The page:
Technically Incorrect offers a slightly twisted take on the tech that's taken over our lives.
It's all about the iPhone 8, right?
Oh, some new MacBooks would be nice, and a new iPad or two would lift the spirits.
But when the new iPhone comes out, that's when you'll be clear about Apple's (latest) new direction. Or will you?
Last week, Apple unveiled its Today at Apple concept. This involves concerts and free classes at Apple stores. Its spirit is to entice you in, not to buy products but to be part of the brand, and to allow the brand to be part of you.
It's hard to overstate how important this actually may be, because it's an example of Apple anticipating the world as it's becoming, not as it is or was.
Look at the Today at Apple ad launched last week and you won't see one instance of selling and buying.
As online purchase becomes normal for just about every product on earth, the concept of a physical store ceases to revolve around basic transactions.
When it comes to Apple products, they're written about so much that many people feel as if they know them long before they touch them. Many will touch them for the first time when the products arrive on their doorsteps.
So what will the stores now be for? For everything that happens when you're not buying the product. They'll exist to bind you to the brand on a more consistent basis, not just when a new iPhone launches or your old iPhone needs fixing.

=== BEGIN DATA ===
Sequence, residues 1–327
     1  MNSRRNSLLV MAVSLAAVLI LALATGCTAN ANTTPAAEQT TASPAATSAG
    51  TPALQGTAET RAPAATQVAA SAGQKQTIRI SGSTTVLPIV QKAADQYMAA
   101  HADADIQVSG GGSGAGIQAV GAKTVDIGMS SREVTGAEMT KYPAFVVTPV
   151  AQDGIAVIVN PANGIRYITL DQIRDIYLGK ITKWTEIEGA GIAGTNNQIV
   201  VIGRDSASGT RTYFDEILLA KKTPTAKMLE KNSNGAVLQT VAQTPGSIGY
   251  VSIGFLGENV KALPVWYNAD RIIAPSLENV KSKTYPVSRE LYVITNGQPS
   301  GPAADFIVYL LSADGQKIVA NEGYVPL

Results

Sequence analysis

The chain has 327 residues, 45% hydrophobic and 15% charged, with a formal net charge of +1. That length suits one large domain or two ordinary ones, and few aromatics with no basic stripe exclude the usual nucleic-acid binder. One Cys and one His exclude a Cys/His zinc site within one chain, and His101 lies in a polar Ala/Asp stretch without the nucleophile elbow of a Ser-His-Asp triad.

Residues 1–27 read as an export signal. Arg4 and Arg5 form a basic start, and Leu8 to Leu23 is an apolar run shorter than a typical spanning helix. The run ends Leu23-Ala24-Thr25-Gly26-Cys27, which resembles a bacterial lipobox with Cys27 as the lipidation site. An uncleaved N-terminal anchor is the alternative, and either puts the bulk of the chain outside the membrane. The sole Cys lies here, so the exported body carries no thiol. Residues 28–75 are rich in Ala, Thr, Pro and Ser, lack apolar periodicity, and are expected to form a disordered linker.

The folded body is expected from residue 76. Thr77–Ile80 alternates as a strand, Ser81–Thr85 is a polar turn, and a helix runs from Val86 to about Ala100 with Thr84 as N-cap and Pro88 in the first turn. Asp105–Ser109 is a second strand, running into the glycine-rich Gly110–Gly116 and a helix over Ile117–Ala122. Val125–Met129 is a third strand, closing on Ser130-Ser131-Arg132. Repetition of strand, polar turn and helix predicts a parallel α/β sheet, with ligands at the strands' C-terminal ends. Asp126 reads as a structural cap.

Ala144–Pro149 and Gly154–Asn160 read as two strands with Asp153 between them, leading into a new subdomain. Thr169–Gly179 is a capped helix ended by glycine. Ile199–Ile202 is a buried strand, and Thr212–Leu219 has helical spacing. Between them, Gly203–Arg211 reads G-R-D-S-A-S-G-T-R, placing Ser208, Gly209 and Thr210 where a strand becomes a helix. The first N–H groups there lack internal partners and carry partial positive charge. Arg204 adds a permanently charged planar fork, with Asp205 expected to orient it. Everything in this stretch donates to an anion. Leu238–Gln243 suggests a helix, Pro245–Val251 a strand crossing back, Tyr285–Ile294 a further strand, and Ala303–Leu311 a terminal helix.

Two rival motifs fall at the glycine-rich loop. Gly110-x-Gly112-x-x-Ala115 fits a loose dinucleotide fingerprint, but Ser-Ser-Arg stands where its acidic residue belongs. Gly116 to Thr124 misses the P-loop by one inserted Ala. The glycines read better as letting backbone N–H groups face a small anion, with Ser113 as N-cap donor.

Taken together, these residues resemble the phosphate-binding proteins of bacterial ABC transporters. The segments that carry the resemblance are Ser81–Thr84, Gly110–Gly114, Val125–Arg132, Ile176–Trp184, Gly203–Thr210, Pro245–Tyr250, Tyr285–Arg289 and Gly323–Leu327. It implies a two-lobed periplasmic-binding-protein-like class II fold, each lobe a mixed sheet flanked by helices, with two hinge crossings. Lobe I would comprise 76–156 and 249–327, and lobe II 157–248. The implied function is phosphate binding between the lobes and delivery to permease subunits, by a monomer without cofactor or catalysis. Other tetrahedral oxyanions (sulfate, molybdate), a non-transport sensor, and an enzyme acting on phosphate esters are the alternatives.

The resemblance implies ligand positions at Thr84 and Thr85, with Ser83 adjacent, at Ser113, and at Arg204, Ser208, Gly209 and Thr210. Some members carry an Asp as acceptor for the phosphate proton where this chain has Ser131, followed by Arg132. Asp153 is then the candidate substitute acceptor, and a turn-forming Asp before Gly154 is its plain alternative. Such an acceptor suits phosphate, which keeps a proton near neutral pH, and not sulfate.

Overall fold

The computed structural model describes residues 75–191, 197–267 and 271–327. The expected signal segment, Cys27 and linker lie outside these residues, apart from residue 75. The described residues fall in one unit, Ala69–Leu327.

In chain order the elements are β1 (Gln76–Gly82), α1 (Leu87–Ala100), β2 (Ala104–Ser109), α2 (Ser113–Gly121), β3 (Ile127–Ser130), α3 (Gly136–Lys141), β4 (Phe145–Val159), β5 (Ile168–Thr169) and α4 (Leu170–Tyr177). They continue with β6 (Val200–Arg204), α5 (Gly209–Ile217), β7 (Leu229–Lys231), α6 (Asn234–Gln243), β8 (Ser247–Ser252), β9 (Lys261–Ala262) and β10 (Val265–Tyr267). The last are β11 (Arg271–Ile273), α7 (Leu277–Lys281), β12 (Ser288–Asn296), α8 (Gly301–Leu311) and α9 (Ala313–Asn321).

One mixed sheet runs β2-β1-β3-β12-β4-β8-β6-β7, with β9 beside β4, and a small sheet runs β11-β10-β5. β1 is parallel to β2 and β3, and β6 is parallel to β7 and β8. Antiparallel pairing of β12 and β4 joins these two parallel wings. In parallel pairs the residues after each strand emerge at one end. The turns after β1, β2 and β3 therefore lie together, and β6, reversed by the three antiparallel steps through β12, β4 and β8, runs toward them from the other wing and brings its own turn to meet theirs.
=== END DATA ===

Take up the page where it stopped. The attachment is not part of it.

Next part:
They'll exist to make you believe Apple isn't a brand that sells products, but a club to which you've purchased membership.
Forget the old concept of the Apple fanperson. This is something more sophisticated, longer-lasting and more regular. You won't be a fan. You'll be a member. Fans are excitable, fickle even. Members have a certain status and permanence.
Apple said on its last earnings call that its services business enjoyed an 18 percent revenue rise. This includes such things as Apple Pay, iCloud and the App Store.
These aren't cyclical business like iPhones and iPads, which are so heavily swayed by new launches. So now its stores will be an even greater part of Apple's overall service.
That service doesn't just comprise buying things or even fixing them. It offers you inspiration, camaraderie and many other emotional benefits of membership. Soon, Apple will find ways to make you pay a little for it, of course. You'll hardly feel a thing.
Americans increasingly want to spend money on experiences, not things. Apple understands that by offering more experiential brick and mortar outlets, it's anticipating a trend that's left many physical retail establishments, and shopping malls as a whole, far behind.
Apple can have only so many product events every year. Its stores, however, can be a venue for events every month, every week, every day. Those happenings can involve and bind in a way that TV ads and other forms of hype just can't anymore.
Look back in a few years' time and I fancy you'll find that this launch seems like the stamp of a new direction, one in which people's relationship with Apple materially changed, far more than it did with the launch of the iPhone 8.
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